Editor’s note: this column was named as a superior personal opinion column in the TAJE Best in Texas contest.
Climate change. #MeToo Movement. Hong Kong protests. Rohingya Muslim ethnic genocide. Civil war in Sudan. Last year was characterized by the rise of protest culture, especially amongst teens. Time Magazine recognized 17-year-old climate activist Greta Thunberg as Person of the Year. As a social media activist, I have considered whether I was protesting because I was passionate about these causes or under pressure to appear politically woke.
On Sept. 20, nearly 4 million people marched in the name of climate change. I was one of them. The streets of New York were packed, and celebrities around the world joined in. Before attending the strike in Dallas, I felt guilty at the thought of not going. Climate change is one of the largest issues championed by youth activists. I felt obligated to attend.
The horrific fires in Australia and steady rise in global temperatures affirm that climate change is an urgent crisis. However, I didn’t attend the climate strike for those reasons. I wasn’t even educated on the impacts of it. All I knew were catchphrases of “the world is burning” and “there is no planet b.” I went to the strike only to hold up a sign and appear liberal and politically aware.
However, upon listening to passionate speakers who tirelessly worked to advance environmentalism, I was inspired. An older man spoke about leading climate change protests in the 70’s. It’s a cause he’s defended for decades. He’s the activist I aspire to be: dedicated and impassioned. I’m sick of promoting causes that mean nothing to me.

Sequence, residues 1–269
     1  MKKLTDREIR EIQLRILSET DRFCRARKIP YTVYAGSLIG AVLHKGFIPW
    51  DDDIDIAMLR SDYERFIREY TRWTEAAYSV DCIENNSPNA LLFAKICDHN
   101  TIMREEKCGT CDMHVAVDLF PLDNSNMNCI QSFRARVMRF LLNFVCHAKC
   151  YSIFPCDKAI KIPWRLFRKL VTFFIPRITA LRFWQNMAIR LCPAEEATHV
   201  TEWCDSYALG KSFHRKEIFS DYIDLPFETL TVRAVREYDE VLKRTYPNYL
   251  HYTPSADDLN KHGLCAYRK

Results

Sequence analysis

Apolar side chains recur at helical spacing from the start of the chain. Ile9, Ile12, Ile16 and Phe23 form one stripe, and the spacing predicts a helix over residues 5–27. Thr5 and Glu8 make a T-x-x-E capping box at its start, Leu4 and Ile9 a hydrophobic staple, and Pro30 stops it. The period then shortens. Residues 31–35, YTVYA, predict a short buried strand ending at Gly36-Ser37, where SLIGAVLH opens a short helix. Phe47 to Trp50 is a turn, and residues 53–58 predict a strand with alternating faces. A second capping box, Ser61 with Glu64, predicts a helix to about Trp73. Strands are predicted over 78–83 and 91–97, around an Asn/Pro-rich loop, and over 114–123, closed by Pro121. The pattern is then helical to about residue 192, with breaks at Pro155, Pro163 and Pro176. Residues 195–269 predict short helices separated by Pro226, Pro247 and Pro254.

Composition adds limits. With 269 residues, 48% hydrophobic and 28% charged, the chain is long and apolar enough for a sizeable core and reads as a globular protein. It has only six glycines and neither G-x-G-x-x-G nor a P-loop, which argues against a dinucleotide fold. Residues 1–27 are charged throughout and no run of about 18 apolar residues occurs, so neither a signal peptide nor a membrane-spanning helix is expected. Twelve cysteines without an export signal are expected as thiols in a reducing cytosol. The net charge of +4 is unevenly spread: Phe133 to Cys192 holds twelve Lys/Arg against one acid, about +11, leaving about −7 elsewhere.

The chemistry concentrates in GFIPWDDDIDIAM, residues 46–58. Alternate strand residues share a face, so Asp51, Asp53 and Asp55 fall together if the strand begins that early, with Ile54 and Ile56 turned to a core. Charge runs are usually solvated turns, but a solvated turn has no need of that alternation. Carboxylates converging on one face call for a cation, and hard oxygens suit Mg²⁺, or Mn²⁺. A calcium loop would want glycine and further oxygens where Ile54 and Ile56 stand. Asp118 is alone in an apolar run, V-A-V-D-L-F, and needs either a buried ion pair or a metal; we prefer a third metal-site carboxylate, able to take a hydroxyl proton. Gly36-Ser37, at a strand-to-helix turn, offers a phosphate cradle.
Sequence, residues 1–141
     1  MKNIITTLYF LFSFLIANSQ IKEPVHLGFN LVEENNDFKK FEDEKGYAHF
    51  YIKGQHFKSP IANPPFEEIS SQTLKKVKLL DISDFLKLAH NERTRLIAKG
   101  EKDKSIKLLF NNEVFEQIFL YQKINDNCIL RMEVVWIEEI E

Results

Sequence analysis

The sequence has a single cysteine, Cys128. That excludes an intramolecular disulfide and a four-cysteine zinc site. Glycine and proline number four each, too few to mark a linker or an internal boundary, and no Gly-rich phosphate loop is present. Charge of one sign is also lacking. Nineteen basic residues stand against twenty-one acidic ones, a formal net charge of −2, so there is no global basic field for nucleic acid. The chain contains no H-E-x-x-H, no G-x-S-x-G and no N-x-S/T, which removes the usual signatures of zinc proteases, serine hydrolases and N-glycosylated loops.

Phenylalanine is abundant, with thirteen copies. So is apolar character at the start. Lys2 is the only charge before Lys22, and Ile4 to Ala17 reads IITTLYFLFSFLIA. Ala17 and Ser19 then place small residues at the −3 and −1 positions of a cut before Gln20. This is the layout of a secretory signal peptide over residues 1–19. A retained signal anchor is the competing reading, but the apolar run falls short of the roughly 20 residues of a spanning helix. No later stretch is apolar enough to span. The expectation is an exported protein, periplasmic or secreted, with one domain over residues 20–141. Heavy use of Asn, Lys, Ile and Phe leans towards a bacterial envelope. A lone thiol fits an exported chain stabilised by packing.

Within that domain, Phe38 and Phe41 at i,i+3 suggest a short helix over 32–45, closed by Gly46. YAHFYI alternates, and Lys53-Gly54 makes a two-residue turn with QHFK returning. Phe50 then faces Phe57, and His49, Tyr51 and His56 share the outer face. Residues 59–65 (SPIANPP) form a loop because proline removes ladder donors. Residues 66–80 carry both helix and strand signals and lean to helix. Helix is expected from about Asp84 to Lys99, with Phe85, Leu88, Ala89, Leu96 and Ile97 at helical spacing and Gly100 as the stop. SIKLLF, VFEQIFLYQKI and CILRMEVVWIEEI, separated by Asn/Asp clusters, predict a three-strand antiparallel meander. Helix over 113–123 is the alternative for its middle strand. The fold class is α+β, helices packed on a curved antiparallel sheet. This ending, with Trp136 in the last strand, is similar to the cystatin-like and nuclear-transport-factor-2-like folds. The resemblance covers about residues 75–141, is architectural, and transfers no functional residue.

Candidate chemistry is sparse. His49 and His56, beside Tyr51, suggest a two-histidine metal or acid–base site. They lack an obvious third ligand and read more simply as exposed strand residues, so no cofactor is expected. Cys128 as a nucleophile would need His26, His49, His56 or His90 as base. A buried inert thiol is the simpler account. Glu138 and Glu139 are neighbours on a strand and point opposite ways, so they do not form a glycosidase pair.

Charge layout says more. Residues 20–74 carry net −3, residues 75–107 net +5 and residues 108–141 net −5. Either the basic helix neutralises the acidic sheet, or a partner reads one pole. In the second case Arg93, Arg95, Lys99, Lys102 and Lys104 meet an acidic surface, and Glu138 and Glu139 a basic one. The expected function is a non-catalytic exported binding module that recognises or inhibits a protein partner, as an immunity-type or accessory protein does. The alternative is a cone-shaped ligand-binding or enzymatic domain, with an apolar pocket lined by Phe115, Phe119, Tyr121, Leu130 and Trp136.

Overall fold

Social media is a double-edged sword. People can learn about international atrocities in a second. However, trendy movements of turning profiles to a certain color or changing bios also spread rapidly. If a popular influencer encourages their followers to turn their Instagram profiles blue to support the protests in Sudan, they do it.
They might not know what’s happening but will still change their profile for appearances. In an increasingly turbulent political climate, people love to speak out even without knowledge of the issues.
When news broke that Donald Trump approved the assasination of Iranian General Qasem Soleimani, people jumped to social media to discuss the possibility of World War III. Others immediately retaliated, arguing that one shouldn’t joke about such issues with dangerous implications. If people were not posting their stance, it appeared as if they support airstrikes in Iraq.
In 2018, when Beto O’Rourke ran for senate, my Instagram feed was filled with posts of students who met him. I was both jealous and frustrated with myself. Everyone seemed to have a picture with Beto, except me. In my mind, not having a picture meant not being politically engaged. As someone who aspires to enter politics, I felt like I had to be at the forefront of his campaign. I was supposed to be block-walking and organizing town halls.
Over time, I’ve realized that many youth activists share my struggle. I’ve witnessed them hopping onto the latest movements without any background information, trapped under this pressure of appearing politically woke. If an individual mobilized their community on addressing climate change, they’re expected to also speak up on other totally unrelated issues. Be it the Uighur Muslim crisis or the ethnic genocide of Rohingya Muslims in Myanmar, they are expected to have an opinion. However, the problem is that one cannot speak up on all these issues. Every day, new issues pop up. It’s difficult to constantly stay updated and provide an educated opinion.
That’s why I’ve decided to take a different approach to activism. This year, I don’t want to overload myself with advocating for all causes. Instead, I want to focus on those that resonate with me the most. I want to protest for those I’m genuinely passionate about because that’s the way I can create the most change.